The Motorcycle Action Group (MAG) has confirmed that vanishing motorcycle licence entitlements are thankfully rare. MAG asked the DVLA questions following recent news stories of a motorcyclist being denied a licence for over three years thanks to a mistake they made.
The story of the three-year wait to resolve a mistake and the compensation received by Paul Olsen was covered on a number of media outlets in early January. Coverage appeared in MCN, VisorDown, The Sun, and Metro. This coverage led to MAG receiving emails from concerned riders. The need for Mr Olson to resort to the Parliamentary and Health Ombudsman to get the case resolved is certainly not a good look for the DVLA.
MAG’s Director of Campaigns & Political Engagement, Colin Brown, said:
“Unsurprisingly, losing your right to ride your motorcycle due to an administrative error is not a situation that riders want to face. Stories often surface of riders finding their motorcycle entitlement left off when their licence has been renewed. We thought it was reasonable, therefore, to contact the DVLA to establish how common a problem this is, and what a rider should do if they find this happens to them.”
The response from the DVLA states:
“The DVLA has a range of measures in place to ensure our records are accurate, and mistakes are rare…. Since August 2019 there have been two cases where a driver has written in to the DVLA to lodge a complaint about an alleged missing motorcycle entitlement. Neither complaint was upheld.”
The letter also explained:
“If a driver thinks that they are missing an entitlement from their current driving licence they will need to return their driving licence to, ODL Casework Team, DVLA, Swansea, SA99 1ZZ. The driver will need to include a covering letter which should contain what entitlement is missing, when the test was passed and provide the DVLA with as much information as possible along with any evidence they hold. We would also advise customers to take a copy of their driving licence for their own records before sending it in to the Agency. We will then be able to carry out thorough investigations of the enquirer’s driver record.”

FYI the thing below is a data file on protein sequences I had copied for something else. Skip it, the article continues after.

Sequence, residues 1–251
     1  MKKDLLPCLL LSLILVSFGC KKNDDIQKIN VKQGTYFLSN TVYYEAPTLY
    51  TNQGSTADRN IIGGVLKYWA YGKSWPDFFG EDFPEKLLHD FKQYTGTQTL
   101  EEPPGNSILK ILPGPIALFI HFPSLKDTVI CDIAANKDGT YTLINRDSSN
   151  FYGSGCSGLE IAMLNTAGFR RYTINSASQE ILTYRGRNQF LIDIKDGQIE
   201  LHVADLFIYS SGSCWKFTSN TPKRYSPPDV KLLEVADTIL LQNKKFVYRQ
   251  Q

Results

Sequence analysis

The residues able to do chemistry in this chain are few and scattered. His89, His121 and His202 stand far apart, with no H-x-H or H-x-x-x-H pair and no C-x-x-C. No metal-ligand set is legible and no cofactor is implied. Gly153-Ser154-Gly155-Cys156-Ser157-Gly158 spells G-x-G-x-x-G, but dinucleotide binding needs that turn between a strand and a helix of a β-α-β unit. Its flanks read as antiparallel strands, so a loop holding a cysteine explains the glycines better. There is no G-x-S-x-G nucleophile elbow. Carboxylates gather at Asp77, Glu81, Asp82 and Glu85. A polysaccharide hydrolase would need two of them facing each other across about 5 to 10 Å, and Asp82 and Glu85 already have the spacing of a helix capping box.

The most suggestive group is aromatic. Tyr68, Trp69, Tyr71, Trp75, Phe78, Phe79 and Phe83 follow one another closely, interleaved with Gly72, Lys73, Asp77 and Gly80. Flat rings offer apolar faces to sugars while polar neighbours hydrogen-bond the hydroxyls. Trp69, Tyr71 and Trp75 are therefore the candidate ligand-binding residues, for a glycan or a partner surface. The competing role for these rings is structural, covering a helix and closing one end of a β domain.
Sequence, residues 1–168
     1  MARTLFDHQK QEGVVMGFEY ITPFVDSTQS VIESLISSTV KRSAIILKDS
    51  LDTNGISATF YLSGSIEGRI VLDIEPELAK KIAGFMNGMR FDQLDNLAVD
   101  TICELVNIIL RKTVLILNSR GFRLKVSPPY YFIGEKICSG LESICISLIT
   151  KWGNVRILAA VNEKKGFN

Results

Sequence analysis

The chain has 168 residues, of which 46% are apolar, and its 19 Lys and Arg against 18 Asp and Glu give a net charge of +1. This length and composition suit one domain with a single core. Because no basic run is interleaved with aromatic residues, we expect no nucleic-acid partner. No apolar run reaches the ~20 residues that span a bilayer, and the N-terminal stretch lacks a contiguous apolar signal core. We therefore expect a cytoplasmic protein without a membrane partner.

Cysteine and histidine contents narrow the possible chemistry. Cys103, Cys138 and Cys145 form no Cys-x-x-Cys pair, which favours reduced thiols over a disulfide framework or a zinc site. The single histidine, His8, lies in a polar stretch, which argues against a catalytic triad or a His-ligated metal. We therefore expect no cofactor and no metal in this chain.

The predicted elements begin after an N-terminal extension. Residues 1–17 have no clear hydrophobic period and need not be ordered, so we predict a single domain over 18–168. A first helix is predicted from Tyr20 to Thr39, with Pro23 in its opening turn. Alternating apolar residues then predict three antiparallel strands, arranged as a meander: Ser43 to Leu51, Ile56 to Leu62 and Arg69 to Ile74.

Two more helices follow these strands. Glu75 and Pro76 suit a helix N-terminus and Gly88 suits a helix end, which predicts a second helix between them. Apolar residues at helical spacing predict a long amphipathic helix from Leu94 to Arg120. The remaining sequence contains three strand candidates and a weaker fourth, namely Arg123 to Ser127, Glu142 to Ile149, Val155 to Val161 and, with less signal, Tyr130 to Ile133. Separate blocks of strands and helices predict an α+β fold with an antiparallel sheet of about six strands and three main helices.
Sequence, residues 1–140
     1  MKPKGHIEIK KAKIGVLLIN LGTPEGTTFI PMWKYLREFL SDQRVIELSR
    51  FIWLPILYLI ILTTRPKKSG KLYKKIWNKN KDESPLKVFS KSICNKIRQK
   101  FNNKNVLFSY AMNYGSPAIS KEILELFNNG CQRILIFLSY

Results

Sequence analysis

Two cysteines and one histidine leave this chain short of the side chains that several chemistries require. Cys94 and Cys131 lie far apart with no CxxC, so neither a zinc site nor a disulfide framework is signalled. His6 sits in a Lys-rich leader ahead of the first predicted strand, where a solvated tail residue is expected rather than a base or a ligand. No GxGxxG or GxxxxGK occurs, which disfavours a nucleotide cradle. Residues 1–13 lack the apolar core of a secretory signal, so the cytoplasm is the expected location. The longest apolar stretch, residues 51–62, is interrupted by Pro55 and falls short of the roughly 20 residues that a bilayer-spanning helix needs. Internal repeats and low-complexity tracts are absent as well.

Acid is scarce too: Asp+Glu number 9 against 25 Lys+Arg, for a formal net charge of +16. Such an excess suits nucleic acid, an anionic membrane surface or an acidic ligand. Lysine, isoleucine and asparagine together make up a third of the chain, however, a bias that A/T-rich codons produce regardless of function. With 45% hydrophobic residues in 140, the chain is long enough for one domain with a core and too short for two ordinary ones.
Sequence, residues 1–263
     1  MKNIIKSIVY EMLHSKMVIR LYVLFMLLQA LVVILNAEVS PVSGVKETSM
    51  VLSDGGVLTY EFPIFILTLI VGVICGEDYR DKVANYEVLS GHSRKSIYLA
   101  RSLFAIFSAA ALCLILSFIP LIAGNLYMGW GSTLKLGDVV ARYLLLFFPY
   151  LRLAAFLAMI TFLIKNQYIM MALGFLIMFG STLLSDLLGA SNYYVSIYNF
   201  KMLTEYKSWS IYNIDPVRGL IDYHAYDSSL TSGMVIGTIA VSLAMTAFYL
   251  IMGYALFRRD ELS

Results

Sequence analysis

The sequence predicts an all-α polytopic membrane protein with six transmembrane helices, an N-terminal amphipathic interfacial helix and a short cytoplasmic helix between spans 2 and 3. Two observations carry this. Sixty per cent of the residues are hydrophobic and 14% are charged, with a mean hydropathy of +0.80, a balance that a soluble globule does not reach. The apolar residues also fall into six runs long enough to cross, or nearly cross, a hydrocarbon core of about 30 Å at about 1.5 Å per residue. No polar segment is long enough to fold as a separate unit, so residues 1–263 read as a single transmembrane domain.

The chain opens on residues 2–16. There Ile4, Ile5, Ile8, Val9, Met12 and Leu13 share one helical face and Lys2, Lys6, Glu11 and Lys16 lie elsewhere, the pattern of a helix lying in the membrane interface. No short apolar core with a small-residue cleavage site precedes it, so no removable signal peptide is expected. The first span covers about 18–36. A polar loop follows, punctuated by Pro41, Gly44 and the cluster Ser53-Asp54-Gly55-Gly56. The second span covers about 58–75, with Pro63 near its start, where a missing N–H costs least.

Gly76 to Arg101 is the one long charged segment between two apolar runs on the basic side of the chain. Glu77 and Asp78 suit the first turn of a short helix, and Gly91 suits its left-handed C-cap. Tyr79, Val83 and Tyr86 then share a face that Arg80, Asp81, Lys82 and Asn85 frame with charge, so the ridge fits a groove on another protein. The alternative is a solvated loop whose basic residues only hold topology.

Stories such as Mr Olsen’s are not new and often crop up on online forums. There was even an investigation carried out by the BBC’s Watchdog programme in 2009.
In conclusion, Colin Brown said:
“I have no doubt that similar stories will periodically appear. Of course, the rarity of these errors is what makes them newsworthy when they do happen. We do not know why the two most recent complaints were not upheld, and the delays in resolving the Paul Olsen case seem to have been unnecessary. The key is to check your licence and make sure you keep a copy of it if you ever need to send it back to the DVLA for any reason. We are happy to hear from any riders who have been personally affected, whether in the past or going forward. We are here to help riders maintain their access to legal and responsible riding.”